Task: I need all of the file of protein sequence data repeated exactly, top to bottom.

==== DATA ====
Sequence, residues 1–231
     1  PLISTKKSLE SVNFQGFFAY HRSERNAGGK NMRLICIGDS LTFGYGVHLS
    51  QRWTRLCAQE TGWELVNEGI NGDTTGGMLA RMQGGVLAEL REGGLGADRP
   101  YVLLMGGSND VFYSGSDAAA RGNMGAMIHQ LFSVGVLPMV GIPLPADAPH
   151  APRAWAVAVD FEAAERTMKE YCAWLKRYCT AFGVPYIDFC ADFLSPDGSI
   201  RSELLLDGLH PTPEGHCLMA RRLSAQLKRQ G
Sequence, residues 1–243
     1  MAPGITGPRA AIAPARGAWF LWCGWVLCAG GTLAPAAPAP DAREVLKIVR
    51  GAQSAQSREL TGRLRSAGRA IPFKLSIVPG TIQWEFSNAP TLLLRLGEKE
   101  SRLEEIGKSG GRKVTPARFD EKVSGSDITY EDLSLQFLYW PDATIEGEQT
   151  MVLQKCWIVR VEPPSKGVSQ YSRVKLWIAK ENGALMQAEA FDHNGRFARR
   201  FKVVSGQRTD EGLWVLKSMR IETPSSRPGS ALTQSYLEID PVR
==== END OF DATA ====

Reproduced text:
Sequence, residues 1–231
     1  PLISTKKSLE SVNFQGFFAY HRSERNAGGK NMRLICIGDS LTFGYGVHLS
    51  QRWTRLCAQE TGWELVNEGI NGDTTGGMLA RMQGGVLAEL REGGLGADRP
   101  YVLLMGGSND VFYSGSDAAA RGNMGAMIHQ LFSVGVLPMV GIPLPADAPH
   151  APRAWAVAVD FEAAERTMKE YCAWLKRYCT AFGVPYIDFC ADFLSPDGSI
   201  RSELLLDGLH PTPEGHCLMA RRLSAQLKRQ G
Sequence, residues 1–243
     1  MAPGITGPRA AIAPARGAWF LWCGWVLCAG GTLAPAAPAP DAREVLKIVR
    51  GAQSAQSREL TGRLRSAGRA IPFKLSIVPG TIQWEFSNAP TLLLRLGEKE
   101  SRLEEIGKSG GRKVTPARFD EKVSGSDITY EDLSLQFLYW PDATIEGEQT
   151  MVLQKCWIVR VEPPSKGVSQ YSRVKLWIAK ENGALMQAEA FDHNGRFARR
   201  FKVVSGQRTD EGLWVLKSMR IETPSSRPGS ALTQSYLEID PVR